Remote biometric identification: a technical & legal guide
Lawmakers are more aware than ever of the risks posed by automated surveillance systems which track our faces, bodies and movements across time and place. In the EU's AI Act, facial and other biometric systems which can identify people at scale are referred to as 'Remote Biometric Identification', or RBI. But what exactly is RBI, and how can you tell the difference between an acceptable and unacceptable use of a biometric system?
Through the Reclaim Your Face campaign, we have called to biometric mass surveillance practices because of how they eliminate our anonymity, interfere with our enjoyment of public spaces, and weaponise our faces and bodies against us. One of the main practices that amounts to biometric mass surveillance is the use of ‘Remote Biometric Identification’ (RBI) systems in publicly-accessible spaces. This includes parks, streets, shopping centers, libraries, sports venues and other places that the public can enter, even if they have to pay to do so. RBI systems have been used by police, public authorities or companies in most EU countries.
In a disappointing move in December 2022, EU digital ministers in the Council of the EU agreed a position which would water down the AI Act’s proposed ban on RBI (despite dissent from Germany and also reportedly from Austria). Worse still, their Council position could create a first step towards a legal basis for these invasive and authoritarian practices, despite going against existing EU data protection and human rights law. The European Parliament, however, are poised to adopt a much more rights-protective approach. Throughout 2023, the Council and Parliament will negotiate until they can agree a final position.
It is not always clear what constitutes RBI. In particular, the distinction between different biometric systems and the definition of ‘remote’ have been points of confusion. This blog clarifies some key differences to help lawmakers achieve an accurate, comprehensive ban on RBI in publicly-accessible spaces in the AI Act.
Part 1: According to EU law, not all biometrics use cases are the same
EU law distinguishes generally accepted uses of biometric data – like unlocking your smart phone using your face or fingerprint – from unacceptable forms – like being tracked and surveilled when you are walking through a public space. But laws designed to prohibit the use of biometric data in ways that are unacceptably harmful need to be reinforced, in response to the almost exponential rise in the capacity and capability of algorithmic processing.
The General Data Protection Regulation (GDPR) and its policing counterpart, the Law Enforcement Directive (LED) are the EU-wide rules on data protection. The GDPR clearly states that the processing of biometric data (which is an essential part of facial recognition systems) is in principle prohibited (Article 9), but may be allowed in certain, specific circumstances. This applies to all private and public authorities except police.
For the police, the LED applies. The LED states that the processing of biometric data is sensitive, and can only happen if it meets specific strict criteria, meaning that some uses are de facto prohibited. Anyone processing biometric data must also be aware of how it can impact upon other human rights that are enshrined in the EU Charter of Fundamental Rights, as well as international human rights law.
Unlocking your phone using your biometrics
Unlocking your phone using your face, iris, fingerprint or other biometric feature is lawful so long as it complies with rules on informed consent, the data are processed in a privacy-preserving and secure manner and not shared with unauthorised third parties, and all other data protection requirements are met. As a result, such a use case is exempt from the ban on the processing of biometric data in General Data Protection Regulation (GDPR). The burden, of course, is on whoever is deploying the system to show that it meets the criteria for exemption. If, for example, people cannot truly give their free and informed consent for a use of biometric verification, then it would not be lawful.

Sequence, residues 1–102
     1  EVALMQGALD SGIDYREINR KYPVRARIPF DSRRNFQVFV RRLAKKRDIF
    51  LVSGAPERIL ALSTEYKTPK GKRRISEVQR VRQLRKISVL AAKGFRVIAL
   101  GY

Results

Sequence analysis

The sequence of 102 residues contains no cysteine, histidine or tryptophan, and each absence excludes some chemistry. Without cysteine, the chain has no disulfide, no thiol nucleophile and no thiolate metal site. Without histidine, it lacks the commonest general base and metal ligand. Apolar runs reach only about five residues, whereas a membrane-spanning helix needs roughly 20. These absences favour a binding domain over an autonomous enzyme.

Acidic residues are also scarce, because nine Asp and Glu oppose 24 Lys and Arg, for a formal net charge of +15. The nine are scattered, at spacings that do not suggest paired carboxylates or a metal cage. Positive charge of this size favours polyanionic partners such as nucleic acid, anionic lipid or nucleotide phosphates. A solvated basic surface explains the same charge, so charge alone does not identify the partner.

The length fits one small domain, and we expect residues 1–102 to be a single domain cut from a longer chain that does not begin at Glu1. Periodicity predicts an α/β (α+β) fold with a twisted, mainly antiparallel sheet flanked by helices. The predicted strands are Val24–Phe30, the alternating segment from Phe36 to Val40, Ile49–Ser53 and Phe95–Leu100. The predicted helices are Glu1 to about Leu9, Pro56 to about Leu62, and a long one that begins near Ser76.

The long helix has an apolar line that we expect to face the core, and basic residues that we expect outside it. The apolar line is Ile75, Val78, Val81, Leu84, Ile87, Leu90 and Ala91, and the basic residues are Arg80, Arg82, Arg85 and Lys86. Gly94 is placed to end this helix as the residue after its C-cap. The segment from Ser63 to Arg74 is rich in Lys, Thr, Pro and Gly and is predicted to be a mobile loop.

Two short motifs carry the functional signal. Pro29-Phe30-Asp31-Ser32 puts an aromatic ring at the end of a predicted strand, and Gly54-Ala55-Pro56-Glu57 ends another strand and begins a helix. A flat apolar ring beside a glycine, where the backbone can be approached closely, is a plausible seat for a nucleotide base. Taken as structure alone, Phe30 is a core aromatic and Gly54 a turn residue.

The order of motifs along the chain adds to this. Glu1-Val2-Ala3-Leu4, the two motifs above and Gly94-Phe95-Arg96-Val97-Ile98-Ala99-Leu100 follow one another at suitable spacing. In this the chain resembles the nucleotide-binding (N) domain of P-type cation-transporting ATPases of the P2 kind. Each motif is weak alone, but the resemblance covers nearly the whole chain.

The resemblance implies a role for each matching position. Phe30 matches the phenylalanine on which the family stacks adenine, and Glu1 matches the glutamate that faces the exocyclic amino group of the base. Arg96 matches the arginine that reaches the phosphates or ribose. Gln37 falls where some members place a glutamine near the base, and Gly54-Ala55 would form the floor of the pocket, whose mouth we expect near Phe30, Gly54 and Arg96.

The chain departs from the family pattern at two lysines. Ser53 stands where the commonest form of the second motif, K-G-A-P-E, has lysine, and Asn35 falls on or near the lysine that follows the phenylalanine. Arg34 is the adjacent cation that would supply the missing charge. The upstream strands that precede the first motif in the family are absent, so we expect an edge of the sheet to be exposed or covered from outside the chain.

Walking through a public space where there are facial recognition cameras
Being tracked in a public space by a facial recognition system (or other biometric system), however, is fundamentally incompatible with the essence of informed consent. If you want or need to enter that public space, you are forced to agree to being subjected to biometric processing. That is coercive and not compatible with the aims of the GDPR, nor the EU’s human rights regime (in particular rights to privacy and data protection, freedom of expression and freedom of assembly and in many cases non-discrimination). This and similar practices are what we mean when we talk about ‘biometric mass surveillance’ (BMS).
Despite a generally strong prohibition on processing biometric data in the GDPR, many providers continue to use the exceptions or margins of interpretation in the GDPR to deploy systems which are used in a way that amounts to mass surveillance. Dangerous systems are in use across the EU, with data protection authorities chasing after them to try to stop them. Legislative clarity is therefore urgently needed to make the prohibition of RBI in publicly-accessible spaces explicit, and to prevent the future legalisation of these rights-violating practices.
It is also notable that – due to concerns that biometric data may need to be more rigorously controlled – the GDPR (Article 9, paragraph 4) specifically foresees the addition of additional protections on sensitive biometric data. What’s more, the LED does not currently establish a clear prohibition on the processing of biometric data, despite the even greater risks when police use these systems.
The original proposal for an EU Artificial Intelligence Act in April 2021 proposed an in-principle ban on RBI, but with significant caveats and loopholes:
- It banned ‘real-time’ (live) uses of RBI systems, but not the far more common ‘post’ uses. This means that authorities could use RBI after the data is collected (hours, days or even months after!) to turn back the clock, identifying journalists, people seeking reproductive healthcare, and more;
- It only applied the ban to law enforcement actors (i.e. police). As a result, we could all still be surveilled in public spaces by local councils, central governments, supermarket owners, shopping center managers, university administration and any other public or private actors;